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  1. #811
    Platinum Member
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    Feb 2012
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    837
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    sioux city, ia
    Tractor
    Oliver 1855, Case 1840, Cub 1550

    Default Re: Building a stick frame house in the woods in 90 days

    Pacerron, Thanks for the illistrations, and explanation, you explained this better than I attempted to do.

    Dave

  2. #812
    Veteran Member
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    Jun 2011
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    CNH 4020

    Default Re: Building a stick frame house in the woods in 90 days

    Quote Originally Posted by Woody65 View Post
    Ron,

    Didn't mean to ruffle your feathers but when you have been doing roofing/siding/ trim for 30 years and someone posts that you don't know what part of the roof you are looking at my feathers get ruffled. Lol
    Agree with most of your points, disagree with some. Enough said.
    Didn't look close enough at pic of sheathing hanging over a bit. Needs to be flush with fascia board for z bend to properly be applied. Good catch.
    Jim
    Nice build and thread Pete, keep the pics coming.
    Jim,
    Just a colloquial expression, no malice intended. I ruffled yours with the house end and you ruffled mine with the rake. So we are even
    We must agree to disagree on these forums. If all I am doing is bloviating my ideas with no counter discussion, I'm not learning anything new.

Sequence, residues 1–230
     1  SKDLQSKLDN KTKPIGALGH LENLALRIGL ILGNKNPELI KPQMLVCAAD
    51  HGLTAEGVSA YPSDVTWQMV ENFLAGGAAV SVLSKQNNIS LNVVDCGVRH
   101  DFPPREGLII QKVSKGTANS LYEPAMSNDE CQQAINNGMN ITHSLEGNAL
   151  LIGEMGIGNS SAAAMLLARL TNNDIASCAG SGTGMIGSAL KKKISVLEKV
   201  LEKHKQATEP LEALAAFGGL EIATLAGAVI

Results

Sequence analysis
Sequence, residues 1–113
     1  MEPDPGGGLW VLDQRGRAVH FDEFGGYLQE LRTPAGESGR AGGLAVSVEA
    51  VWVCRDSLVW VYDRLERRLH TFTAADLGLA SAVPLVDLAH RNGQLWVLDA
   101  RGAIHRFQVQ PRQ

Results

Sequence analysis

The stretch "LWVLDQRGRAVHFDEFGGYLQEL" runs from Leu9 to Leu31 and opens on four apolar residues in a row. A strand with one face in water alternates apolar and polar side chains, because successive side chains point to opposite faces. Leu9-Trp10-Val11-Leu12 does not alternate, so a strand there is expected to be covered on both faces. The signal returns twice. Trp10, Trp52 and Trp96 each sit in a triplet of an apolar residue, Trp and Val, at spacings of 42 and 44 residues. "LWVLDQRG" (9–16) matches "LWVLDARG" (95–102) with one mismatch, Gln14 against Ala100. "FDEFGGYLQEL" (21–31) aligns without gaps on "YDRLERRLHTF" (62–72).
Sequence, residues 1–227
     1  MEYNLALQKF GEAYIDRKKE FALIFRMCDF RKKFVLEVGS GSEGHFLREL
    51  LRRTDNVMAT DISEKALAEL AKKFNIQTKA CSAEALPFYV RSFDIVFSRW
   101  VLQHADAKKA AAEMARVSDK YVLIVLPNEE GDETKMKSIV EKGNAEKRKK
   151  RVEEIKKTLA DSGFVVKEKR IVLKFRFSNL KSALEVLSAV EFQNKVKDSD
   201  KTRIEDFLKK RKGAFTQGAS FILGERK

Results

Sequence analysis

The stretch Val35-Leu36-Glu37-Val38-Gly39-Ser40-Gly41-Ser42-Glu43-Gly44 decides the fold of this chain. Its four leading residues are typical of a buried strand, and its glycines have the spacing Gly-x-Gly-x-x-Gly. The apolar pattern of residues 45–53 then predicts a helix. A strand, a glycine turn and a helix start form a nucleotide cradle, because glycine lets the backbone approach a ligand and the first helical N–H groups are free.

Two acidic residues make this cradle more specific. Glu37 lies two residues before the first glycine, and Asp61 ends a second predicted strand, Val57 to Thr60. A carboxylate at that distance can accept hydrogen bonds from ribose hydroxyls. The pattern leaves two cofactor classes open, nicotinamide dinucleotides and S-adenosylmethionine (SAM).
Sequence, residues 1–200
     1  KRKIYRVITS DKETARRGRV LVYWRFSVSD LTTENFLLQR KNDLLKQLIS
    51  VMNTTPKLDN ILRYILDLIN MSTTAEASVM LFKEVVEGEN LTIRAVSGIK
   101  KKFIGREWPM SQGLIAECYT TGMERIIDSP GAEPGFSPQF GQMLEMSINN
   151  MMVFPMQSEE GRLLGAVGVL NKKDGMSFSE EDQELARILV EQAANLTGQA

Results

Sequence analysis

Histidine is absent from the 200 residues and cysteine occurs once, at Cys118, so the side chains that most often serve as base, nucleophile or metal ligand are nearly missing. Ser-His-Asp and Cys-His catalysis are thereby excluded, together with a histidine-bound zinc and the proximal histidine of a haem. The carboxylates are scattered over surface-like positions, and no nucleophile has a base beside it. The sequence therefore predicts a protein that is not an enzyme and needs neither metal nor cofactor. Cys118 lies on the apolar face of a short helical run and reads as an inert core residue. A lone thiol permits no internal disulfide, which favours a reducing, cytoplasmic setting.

I agree the builder is doing a good job, for the most part, but trying to meet a deadline and doing 6 houses at the same time, doesn't give him much time to do much more than a quick check every few days as well as trying to keep 6 new owners happy while making a profit.
    I am so glad to see support under the deck tying the posts together. It looked like he was just going to bolt a post to 4 floor joists bridging from the house, even in front of some windows. The deck would have been like a bunch of hammocks suspended from two ends between the posts without the beam and have looked horrible that way.

    Perhaps wrapping the rim joist, beam, and posts with coil stock would be a good idea to avoid painting or staining. If it were mine, I would build little planter boxes up from the ground at the bottom of the posts, with proper drainage and protection of the post, since Mrs. Clausen loves to garden and has done a great job at her former house. White wrap might stand out too much on the posts, depending on what the plan is for the concrete wall behind them, but a wrap is certainly better than stain or paint.